Mark Zuckerberg loves to talk about community. His story, the founder of Facebook said in a 2017 commencement address at Harvard University, is that of a “student in a dorm room, connecting one community at a time, and keeping at it until one day we connect the whole world.” Facebook’s formal mission statement is to “give people the power to build community and bring the world closer together.” In Facebook’s latest annual filing with the Securities and Exchange Commission, the word community appears 22 times.
Now, at the end of its second decade, Facebook nears a turning point. Its future success depends in large part on whether it can successfully continue to market a glossy image of community to users, politicians, journalists and regulators while maintaining a website whose sole purpose is to run a secret algorithm that manages what content you see to keep you coming back for more. Because Facebook’s marketing of community is only half the transaction. The second part relies on the rest of us logging on to the site every day and willingly supplying information about ourselves in exchange for free communication, information and entertainment.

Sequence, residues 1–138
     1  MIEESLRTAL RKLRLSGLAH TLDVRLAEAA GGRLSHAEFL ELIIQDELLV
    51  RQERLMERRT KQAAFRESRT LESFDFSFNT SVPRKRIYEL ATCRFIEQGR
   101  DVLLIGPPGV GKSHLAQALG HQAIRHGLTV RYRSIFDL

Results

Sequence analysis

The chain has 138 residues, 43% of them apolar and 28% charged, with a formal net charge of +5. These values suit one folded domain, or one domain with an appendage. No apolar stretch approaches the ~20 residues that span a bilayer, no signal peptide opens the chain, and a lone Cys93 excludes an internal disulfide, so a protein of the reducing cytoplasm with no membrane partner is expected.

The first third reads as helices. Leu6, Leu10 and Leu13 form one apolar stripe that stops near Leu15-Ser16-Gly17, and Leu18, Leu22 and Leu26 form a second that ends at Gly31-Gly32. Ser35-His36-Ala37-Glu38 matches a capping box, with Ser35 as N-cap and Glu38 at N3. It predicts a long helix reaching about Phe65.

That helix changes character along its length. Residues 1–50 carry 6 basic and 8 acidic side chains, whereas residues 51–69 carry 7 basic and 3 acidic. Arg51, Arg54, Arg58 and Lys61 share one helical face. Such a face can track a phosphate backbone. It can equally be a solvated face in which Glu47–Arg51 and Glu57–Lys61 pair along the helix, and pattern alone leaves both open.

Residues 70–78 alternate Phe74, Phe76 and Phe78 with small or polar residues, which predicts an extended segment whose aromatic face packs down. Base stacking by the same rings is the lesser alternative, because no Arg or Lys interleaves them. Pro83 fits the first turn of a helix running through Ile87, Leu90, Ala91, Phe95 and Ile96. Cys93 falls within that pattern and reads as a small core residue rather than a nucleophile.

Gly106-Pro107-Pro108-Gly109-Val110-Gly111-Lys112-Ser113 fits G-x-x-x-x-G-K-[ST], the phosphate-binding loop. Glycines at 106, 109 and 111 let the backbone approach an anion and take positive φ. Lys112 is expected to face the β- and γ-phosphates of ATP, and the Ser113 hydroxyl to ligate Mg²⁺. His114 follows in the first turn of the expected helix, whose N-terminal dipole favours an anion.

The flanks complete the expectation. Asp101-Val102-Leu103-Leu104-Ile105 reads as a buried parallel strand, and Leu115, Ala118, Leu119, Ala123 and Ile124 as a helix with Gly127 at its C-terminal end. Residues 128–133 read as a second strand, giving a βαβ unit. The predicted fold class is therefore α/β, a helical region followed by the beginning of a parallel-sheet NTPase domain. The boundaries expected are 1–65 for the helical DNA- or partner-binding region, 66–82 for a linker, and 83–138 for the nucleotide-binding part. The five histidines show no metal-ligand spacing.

But Facebook is selling something it can’t really build. A real community is made up of dozens of people—maybe a bit over a hundred, according to sociologists—who learn to get along over time, who endure each other’s differences because they live near each other or are related. “In a real community, you don’t get to choose who you’re in the boat with,” said Vincent Miller, a professor of theology at the University of Dayton. “You can’t block people at Thanksgiving dinner.” By offering endless opportunities to connect to people with shared interests, Facebook offers a version of community-based on choice instead of place. The website amplifies disagreements and keeps people returning to the site, without any avenue for the possibility of a shared experience that might mitigate them. There is no place to go to just be together in peace, only words clashing for eternity.
To continue reading this article, click here.
John W. Miller is a Pittsburgh-based former Wall Street Journal staff reporter and co-director of the PBS film “Moundsville.”
With thanks to America Magazine and John W. Miller, where this article originally appeared.